Ex-Minneapolis cops found guilty for violating George Floyd's civil rights
ST. PAUL, Minn. (FOX 9) - A federal trial jury has found the three other Minneapolis police officers guilty for violating George Floyd's civil rights during the deadly arrest on May 25, 2020.
The three former Minneapolis police officers were found guilty on all five counts, as read in the courtroom around 4:10 p.m. Thursday. Tou Thao and J. Alexander Kueng was found guilty on both charges, for failing to render medical aid to George Floyd and failing to intervene in Derek Chauvin’s unreasonable use of force. Thomas Lane was found guilty for failing to render medical aid to George Floyd.
The jury reached the verdict after 13 hours of deliberating – Seven hours on Wednesday, another six on Thursday. The jury started deliberating just before 10 a.m. Wednesday. The case went to the jury after four weeks of testimony from more than 30 witnesses including all three defendants. The trial began on Jan. 24.
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The federal trial jury was made up of eight women and four men, all of them white. The jurors come from nine Minnesota counties: two each from Hennepin, Ramsey and Olmsted. One each from Anoka, Washington, Scott, Nicollet, Blue Earth and Jackson.
MORE: Who are the jurors seated in federal civil rights trial of 3 ex-Minneapolis officers in George Floyd's death?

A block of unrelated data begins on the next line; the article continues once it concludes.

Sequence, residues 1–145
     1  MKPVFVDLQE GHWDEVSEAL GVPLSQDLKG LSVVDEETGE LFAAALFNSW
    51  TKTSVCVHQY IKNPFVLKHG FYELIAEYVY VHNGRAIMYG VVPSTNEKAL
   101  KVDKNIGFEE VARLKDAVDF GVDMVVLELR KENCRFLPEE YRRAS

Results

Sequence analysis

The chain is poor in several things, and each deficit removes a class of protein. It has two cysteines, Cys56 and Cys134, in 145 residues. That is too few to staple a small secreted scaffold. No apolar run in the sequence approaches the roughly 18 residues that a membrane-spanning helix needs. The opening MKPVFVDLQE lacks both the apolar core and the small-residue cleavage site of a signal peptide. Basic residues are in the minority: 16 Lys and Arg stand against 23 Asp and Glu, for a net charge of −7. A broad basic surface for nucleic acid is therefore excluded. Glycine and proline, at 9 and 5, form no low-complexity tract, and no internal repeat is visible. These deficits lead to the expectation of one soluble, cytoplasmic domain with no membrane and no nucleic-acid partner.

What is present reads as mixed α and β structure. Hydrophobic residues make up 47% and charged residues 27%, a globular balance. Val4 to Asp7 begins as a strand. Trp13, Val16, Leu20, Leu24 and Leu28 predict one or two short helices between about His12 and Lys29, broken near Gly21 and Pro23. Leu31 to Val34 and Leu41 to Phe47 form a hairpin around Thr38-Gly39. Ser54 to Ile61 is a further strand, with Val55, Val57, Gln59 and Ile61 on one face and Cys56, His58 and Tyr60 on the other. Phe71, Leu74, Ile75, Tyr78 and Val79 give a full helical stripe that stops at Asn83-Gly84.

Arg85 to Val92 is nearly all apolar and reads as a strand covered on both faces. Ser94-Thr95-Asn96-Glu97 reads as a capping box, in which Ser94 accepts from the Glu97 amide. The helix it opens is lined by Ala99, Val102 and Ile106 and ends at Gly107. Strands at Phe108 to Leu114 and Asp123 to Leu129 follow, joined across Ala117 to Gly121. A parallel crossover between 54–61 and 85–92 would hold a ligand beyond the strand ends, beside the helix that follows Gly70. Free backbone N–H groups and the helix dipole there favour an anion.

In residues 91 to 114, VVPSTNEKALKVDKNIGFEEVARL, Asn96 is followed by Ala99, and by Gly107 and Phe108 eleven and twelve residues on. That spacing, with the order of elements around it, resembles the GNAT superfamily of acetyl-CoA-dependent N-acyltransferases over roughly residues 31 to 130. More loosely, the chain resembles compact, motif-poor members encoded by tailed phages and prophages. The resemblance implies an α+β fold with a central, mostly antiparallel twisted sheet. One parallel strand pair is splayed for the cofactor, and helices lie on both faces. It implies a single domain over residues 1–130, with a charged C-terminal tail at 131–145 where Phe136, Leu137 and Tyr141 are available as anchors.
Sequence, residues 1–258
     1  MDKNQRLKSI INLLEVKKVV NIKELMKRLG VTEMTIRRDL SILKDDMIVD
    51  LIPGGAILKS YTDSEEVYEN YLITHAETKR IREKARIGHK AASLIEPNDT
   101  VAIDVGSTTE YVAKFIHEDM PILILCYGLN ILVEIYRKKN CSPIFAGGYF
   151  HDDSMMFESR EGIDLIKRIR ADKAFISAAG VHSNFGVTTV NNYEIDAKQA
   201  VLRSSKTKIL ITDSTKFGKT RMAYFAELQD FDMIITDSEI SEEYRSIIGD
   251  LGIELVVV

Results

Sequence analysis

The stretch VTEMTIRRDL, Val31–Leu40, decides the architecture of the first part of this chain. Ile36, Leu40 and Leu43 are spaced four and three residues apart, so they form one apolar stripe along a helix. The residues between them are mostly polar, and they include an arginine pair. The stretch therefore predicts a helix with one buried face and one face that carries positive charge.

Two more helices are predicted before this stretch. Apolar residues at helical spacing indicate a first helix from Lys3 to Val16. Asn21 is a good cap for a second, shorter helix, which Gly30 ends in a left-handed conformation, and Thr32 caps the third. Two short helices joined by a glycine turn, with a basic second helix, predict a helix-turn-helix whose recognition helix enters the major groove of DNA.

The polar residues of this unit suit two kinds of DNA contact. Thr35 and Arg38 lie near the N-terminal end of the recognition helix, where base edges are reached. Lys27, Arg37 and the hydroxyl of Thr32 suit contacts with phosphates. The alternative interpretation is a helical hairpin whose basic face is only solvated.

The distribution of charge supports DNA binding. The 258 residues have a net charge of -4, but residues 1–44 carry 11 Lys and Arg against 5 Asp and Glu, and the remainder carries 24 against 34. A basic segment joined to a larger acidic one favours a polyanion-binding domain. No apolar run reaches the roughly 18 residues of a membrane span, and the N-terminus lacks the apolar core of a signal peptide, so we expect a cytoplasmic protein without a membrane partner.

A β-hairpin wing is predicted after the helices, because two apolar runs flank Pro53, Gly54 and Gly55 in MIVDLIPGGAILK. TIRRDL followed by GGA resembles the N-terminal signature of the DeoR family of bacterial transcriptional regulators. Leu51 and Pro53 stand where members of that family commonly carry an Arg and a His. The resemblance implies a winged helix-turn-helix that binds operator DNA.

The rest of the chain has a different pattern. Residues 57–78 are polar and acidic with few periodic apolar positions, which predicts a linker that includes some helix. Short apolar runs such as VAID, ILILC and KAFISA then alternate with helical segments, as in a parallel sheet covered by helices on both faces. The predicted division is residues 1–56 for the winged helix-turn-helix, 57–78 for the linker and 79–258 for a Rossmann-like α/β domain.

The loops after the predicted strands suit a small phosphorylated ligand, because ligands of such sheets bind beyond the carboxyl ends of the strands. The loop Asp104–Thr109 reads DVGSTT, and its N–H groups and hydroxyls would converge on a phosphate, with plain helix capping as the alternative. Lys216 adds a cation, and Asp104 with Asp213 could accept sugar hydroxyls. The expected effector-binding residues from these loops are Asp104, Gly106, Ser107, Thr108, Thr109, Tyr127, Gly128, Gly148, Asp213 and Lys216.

Tou Thao, J. Alexander Kueng and Thomas Lane were all charged with failing to render medical aid to George Floyd. Thao and Kueng were also charged with failing to intervene in Derek Chauvin’s unreasonable use of force.
Chauvin was convicted of murdering Floyd in a trial in Hennepin County last year. He pled guilty to two federal civil rights charges in December. Both involved using unreasonable force, one for Floyd and the other for a similar, though not fatal, knee restraint on a teenager in 2017.
Prosecutors asked for a 25-year sentence, but that decision remains in limbo.
After the verdict came down, we heard from George Floyd's family who said they were relieved by the jury's decision.
"I'm grateful what all the attorneys did today... they did a hell of a job. After watching what just happened with Kim Potter, I was like, 'I'm still going to believe and I have faith," said Philonise Floyd, George Floyd's brother.
Philonise Floyd also used the verdicts to push for the federal bill to bring changes to policing nationwide. The bill was considered last year in Congress but ultimately stalled in.
"Times, you know, will be a lot harder for me still, because I can't get my brother back," added Philonise. "At the same time, I hope Congress, the Senate -- whichever, whoever it is -- they're looking at what's going. Because if people are being transparent and speaking and the jury said "guilty, guilty, guilty.' Then up there in Congress, they ought to go and say, 'Let's pass this George Floyd Justice in Policing Act."